What all of the above really is missing is one simple catalyst to tie it all together. That catalysts is the realisation that not only the Central Banks are to be blamed for ‘allowing the excesses of leverage’ to run amok, but that the entire economic policy space in the advanced economies - from the central banks to fiscal policy to financial regulation - has been one-track pony hell-bent on actively increasing leverage, not just allowing it.

Take Europe. In the EU, predominant source of funding for companies and entrepreneurs is debt - especially banks debt. And predominant source of funding for Government deficits is the banking and investment system. And in the EU everyone pays lip service to the need for less debt-fuelled growth. But, in the end, it is not the words, but the deeds that matter. So take EU’s Capital Markets Union - an idea that is centred on… debt. Here we have it: a policy directive that says ‘capital markets’ in the title and literally predominantly occupies itself with how the system of banks and bond markets can issue more debt and securitise more debt to issue yet more debt.

That Europe and the U.S. are not Japan is a legacy of past policies and institutions and a matter of the proverbial ‘yet’, given the path we are taking today.

So it’s Disneyland of Debt next, folks, where in a classic junkie-style we can get more loans and more assets and more loans backed by assets to buy more assets. Public, private, financial, financialised, instrumented, digitalised, intellectual, physical, dumb, smart, new economy, old economy, new normal, old normal etc etc etc. And in this world, stashing more cash into safes (as Japanese ‘investors’ are doing increasingly) or into banks vaults (as Munich Re and other insurers and pension funds have been doing increasingly) is now the latest form of insurance against the coming debt markets Disneyland-styled ‘investments’.

14/11/15: My Comment on Portuguese Political Crisis


Two comments from myself on the topic of Portugal's political crisis effect on country macroeconomic and fiscal positioning:
http://expresso.sapo.pt/economia/2015-11-12-Divida-espanhola-e-portuguesa-sob-pressao and http://expresso.sapo.pt/economia/2015-11-11-Juros-da-divida-portuguesa-descem.-Mas-preco-dos-cds-continua-a-aumentar.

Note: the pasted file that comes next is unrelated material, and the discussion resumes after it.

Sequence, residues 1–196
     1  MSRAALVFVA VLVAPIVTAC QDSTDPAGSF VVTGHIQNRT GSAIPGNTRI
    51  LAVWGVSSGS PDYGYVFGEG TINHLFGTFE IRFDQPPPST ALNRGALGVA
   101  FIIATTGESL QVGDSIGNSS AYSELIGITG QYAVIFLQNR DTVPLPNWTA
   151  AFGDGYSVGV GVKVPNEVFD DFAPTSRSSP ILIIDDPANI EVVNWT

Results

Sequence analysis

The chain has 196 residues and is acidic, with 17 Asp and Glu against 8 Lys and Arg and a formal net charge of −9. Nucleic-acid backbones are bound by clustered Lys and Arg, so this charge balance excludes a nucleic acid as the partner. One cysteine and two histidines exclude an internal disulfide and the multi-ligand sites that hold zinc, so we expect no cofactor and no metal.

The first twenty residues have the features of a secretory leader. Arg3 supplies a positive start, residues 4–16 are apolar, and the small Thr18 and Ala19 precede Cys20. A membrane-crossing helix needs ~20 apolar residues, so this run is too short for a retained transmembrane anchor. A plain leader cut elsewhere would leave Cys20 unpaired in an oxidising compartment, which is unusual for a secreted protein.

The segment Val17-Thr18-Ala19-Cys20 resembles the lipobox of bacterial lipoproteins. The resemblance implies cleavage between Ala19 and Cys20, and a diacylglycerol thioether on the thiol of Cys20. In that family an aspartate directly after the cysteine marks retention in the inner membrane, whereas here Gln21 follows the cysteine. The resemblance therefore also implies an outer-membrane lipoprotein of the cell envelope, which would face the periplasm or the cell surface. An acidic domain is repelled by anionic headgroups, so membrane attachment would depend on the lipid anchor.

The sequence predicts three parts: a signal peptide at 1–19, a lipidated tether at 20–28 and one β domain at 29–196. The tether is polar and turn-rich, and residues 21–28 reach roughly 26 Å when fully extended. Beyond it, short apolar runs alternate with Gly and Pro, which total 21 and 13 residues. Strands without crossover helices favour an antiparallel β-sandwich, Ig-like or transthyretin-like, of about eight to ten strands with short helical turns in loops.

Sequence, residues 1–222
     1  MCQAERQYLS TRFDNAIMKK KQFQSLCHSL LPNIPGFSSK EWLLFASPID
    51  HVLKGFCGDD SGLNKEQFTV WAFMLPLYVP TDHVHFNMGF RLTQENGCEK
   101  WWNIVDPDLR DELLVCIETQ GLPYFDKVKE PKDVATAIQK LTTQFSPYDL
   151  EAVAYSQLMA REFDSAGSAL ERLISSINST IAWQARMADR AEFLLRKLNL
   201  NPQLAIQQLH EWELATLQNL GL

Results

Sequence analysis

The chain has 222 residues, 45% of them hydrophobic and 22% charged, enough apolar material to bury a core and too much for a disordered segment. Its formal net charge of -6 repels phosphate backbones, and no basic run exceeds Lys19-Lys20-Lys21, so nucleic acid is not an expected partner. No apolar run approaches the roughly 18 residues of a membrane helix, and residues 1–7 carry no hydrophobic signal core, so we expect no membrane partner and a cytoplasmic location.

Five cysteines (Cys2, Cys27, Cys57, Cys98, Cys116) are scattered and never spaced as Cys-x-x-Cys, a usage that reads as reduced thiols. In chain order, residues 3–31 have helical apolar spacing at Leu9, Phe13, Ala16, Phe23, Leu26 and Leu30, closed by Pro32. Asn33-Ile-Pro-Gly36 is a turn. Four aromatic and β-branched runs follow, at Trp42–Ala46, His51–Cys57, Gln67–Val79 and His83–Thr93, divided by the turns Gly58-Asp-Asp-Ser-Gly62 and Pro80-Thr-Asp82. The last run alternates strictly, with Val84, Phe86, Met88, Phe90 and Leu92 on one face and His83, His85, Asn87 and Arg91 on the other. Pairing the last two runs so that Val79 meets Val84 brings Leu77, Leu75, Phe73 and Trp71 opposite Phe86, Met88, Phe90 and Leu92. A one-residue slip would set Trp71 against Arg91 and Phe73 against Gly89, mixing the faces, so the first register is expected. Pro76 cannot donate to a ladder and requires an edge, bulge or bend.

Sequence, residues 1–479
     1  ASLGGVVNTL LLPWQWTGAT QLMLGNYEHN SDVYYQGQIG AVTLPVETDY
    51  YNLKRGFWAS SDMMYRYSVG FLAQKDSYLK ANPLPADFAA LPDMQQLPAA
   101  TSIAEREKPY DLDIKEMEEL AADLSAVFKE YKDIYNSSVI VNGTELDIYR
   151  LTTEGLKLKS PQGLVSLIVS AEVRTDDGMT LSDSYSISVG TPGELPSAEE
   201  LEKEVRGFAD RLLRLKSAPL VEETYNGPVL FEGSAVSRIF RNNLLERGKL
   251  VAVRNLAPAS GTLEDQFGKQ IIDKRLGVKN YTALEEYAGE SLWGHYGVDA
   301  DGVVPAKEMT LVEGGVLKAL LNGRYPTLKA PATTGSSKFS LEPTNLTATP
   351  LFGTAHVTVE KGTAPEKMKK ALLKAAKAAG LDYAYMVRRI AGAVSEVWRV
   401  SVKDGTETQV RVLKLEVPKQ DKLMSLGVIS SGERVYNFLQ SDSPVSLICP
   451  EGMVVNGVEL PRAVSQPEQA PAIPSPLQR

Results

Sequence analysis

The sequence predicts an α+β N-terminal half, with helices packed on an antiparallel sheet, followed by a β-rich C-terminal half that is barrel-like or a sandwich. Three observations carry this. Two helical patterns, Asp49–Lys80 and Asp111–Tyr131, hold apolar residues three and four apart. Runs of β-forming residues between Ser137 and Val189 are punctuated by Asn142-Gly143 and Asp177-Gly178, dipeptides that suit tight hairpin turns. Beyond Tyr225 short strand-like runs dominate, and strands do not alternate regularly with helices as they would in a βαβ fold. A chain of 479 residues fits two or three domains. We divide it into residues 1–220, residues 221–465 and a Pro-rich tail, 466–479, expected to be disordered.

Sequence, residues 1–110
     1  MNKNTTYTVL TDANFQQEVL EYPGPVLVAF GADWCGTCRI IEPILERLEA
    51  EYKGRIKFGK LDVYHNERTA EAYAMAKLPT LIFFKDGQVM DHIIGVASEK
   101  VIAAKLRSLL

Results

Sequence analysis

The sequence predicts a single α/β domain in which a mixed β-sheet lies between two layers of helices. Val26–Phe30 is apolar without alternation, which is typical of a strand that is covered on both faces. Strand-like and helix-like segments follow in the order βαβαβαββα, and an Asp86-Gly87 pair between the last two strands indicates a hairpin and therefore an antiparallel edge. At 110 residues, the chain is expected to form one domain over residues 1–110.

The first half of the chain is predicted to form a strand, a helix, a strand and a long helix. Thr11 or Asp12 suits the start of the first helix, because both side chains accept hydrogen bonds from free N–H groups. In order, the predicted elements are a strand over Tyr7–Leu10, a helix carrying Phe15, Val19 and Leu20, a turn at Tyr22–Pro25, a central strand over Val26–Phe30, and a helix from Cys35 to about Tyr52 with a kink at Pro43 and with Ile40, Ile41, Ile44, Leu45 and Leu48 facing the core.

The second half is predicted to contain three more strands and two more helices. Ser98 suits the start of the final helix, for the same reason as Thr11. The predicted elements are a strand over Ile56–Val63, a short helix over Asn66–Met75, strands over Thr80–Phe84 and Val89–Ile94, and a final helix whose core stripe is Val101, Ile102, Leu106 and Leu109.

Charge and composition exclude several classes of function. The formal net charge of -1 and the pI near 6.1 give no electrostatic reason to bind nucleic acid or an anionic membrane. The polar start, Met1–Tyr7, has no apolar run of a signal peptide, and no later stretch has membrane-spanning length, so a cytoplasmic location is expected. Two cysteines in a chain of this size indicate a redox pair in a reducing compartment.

Full comment in English:

Do you think the financial markets and the debt agencies will move its focus from Greece to Portugal now and later on for Spain near or after theDecember 20 elections?

The latest euro area ‘periphery’ political crisis - the collapse of the Centre-Right Government in Portugal - sets the stage for a potential replay of the logistics of the Greek crisis of Summer 2015 scenario.

Both the markets and European leadership are likely to present the crisis as an isolated event, linked to the lack of ‘programme ownership’ in Portugal and not indicative of the broader political and policy trends across the EU. In other words, all official players in the sovereign debt markets will attempt to paint Portuguese situation as a ‘one-off’ event with no risk of contagion to other member states. As a result, rating agencies’ downgrades can be expected only if the crisis persists or if the new Government includes the elements of what is perceived to be ‘extreme Left’. At the same time, the rhetoric surrounding political crisis will be shifted into the discussion of domestic failures and the allegedly destructive role of populist politics. The key to this approach is the clear desire by the European leaders to contain the spread of political opportunism and limit the extent to which democratic politics can transmit public anger and dissatisfaction with post-crisis recovery from one ‘peripheral’ state to another, namely from Portugal to Spain and Italy, as well as, potentially, to Ireland which is likely to face elections in the first quarter of 2016. There are strong incentives for European authorities to send a warning message to Spanish electorate and political elites before December 20th elections, albeit it is difficult to see how such a warning can be structured in the case of Portugal. In my view, we are likely to see renewed talks about Portugal’s compliance with fiscal harmonisation rules and, potentially, a warning concerning the risk of the country running excessive deficits in 2016-2017 on foot of political realignment.


How do you evaluate the present risk of Portugal regarding the debt sovereign market? Yields will go for new highs in 2015?